In music, this refers to the best-sounding and most comfortable range for a singer (or an instrument), to the color and quality of the voice.
A singer's tessitura depends on where their voice sounds the strongest (and most comfortable);
Sopranos and tenors sound the strongest and most at ease in their high notes but weaker in their low notes;
Mezzo-sopranos and baritones sound weaker and less comfortable in their high notes but strongest and most comfortable in mid-range and strong in their low notes;
Contraltos and basses sound the strongest and most comfortable in their low notes and weaker in their high notes.
Tessitura is a good determiner of voice type; range alone does not tell where a voice sounds its best and vocal color on its own does not determine either of those.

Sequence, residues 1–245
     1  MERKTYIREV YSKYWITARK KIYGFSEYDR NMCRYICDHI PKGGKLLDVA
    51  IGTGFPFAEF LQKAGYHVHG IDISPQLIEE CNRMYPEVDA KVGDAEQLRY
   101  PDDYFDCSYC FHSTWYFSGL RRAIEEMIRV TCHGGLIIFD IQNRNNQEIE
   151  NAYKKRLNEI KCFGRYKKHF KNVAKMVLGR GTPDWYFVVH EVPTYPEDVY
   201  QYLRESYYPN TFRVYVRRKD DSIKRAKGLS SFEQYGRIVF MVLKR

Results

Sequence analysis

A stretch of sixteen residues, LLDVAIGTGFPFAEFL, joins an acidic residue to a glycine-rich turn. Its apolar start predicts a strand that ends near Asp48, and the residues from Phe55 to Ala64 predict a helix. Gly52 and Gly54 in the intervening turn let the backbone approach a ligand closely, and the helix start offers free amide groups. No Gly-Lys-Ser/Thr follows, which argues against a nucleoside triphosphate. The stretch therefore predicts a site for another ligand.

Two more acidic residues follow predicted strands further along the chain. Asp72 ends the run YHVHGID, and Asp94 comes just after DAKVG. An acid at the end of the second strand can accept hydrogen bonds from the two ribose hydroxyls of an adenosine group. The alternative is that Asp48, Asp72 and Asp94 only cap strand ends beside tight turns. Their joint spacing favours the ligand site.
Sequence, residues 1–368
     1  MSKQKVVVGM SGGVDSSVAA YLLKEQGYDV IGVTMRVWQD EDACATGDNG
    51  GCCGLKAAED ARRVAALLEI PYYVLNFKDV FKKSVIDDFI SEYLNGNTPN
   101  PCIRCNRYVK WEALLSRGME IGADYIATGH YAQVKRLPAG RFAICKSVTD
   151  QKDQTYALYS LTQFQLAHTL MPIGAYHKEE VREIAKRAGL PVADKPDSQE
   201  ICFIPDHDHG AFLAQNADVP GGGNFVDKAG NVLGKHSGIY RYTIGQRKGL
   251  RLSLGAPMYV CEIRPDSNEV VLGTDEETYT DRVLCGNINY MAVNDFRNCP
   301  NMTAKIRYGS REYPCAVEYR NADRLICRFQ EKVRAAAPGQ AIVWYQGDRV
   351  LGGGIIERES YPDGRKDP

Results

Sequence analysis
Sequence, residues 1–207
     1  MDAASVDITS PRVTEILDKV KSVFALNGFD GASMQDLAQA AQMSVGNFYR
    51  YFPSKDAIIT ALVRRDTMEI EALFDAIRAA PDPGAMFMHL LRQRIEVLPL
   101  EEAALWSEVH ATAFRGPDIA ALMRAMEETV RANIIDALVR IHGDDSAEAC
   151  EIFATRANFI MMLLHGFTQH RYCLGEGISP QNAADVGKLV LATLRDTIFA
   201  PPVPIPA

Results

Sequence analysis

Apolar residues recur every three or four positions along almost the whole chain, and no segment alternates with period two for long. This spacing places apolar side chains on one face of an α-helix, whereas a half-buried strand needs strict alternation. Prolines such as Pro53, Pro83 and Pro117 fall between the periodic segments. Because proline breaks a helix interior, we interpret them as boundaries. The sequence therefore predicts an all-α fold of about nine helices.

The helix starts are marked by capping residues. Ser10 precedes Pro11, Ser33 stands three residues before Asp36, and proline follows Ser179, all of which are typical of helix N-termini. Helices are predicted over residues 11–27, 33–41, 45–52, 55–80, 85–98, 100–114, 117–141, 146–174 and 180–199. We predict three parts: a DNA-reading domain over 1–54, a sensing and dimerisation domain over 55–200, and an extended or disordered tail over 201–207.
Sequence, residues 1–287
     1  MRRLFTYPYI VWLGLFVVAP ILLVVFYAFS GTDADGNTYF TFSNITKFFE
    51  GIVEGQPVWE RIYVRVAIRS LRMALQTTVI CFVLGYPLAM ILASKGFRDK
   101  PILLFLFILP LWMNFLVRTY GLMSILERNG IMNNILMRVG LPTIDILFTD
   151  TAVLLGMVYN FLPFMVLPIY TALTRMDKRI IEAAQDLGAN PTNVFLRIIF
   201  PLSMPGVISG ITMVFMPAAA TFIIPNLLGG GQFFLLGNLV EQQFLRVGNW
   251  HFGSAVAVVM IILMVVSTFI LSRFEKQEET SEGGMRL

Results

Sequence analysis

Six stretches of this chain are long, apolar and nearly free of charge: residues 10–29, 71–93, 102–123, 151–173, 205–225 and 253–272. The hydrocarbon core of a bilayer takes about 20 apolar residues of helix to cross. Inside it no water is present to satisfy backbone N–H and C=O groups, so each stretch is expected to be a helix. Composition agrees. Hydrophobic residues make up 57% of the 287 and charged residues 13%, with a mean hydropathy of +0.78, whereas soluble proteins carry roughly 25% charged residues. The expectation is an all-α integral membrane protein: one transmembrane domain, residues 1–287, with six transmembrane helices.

Sopranos and tenors generally sound bright, contraltos and basses generally sound dark, and mezzo-sopranos and baritones are of medium color. But a singer can sound as bright and sunny as a soprano and have a contralto tessitura or another can sound like a baritone yet have the tessitura of a tenor.
Sarah Brightman has a bright, lightweight voice and the tessitura of a soprano.
Allison Crowe has a heavy, rather dark voice and the tessitura of a soprano.
Idina Menzel's voice is lightweight, has a bright color and the tessitura of a mezzo-soprano.
Annie Lennox has a dark, heavy voice and a contralto tessitura.